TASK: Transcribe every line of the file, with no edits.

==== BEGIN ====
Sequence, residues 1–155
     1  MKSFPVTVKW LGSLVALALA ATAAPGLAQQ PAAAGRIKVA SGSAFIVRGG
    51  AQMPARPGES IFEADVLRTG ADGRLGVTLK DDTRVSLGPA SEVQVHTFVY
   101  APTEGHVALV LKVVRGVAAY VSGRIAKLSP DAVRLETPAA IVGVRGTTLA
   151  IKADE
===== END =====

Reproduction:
Sequence, residues 1–155
     1  MKSFPVTVKW LGSLVALALA ATAAPGLAQQ PAAAGRIKVA SGSAFIVRGG
    51  AQMPARPGES IFEADVLRTG ADGRLGVTLK DDTRVSLGPA SEVQVHTFVY
   101  APTEGHVALV LKVVRGVAAY VSGRIAKLSP DAVRLETPAA IVGVRGTTLA
   151  IKADE